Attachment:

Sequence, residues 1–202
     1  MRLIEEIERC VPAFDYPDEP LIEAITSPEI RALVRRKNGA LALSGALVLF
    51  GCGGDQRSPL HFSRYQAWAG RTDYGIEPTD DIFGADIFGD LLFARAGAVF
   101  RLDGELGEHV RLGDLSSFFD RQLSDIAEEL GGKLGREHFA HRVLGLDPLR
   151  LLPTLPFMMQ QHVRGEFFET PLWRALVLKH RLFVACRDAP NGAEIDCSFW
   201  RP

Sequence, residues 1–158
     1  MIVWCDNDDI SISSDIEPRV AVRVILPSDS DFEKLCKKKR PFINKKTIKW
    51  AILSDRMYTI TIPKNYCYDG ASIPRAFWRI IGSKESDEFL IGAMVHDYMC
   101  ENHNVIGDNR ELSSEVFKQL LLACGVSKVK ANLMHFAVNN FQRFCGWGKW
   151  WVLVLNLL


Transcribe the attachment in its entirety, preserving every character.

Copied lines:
Sequence, residues 1–202
     1  MRLIEEIERC VPAFDYPDEP LIEAITSPEI RALVRRKNGA LALSGALVLF
    51  GCGGDQRSPL HFSRYQAWAG RTDYGIEPTD DIFGADIFGD LLFARAGAVF
   101  RLDGELGEHV RLGDLSSFFD RQLSDIAEEL GGKLGREHFA HRVLGLDPLR
   151  LLPTLPFMMQ QHVRGEFFET PLWRALVLKH RLFVACRDAP NGAEIDCSFW
   201  RP

Sequence, residues 1–158
     1  MIVWCDNDDI SISSDIEPRV AVRVILPSDS DFEKLCKKKR PFINKKTIKW
    51  AILSDRMYTI TIPKNYCYDG ASIPRAFWRI IGSKESDEFL IGAMVHDYMC
   101  ENHNVIGDNR ELSSEVFKQL LLACGVSKVK ANLMHFAVNN FQRFCGWGKW
   151  WVLVLNLL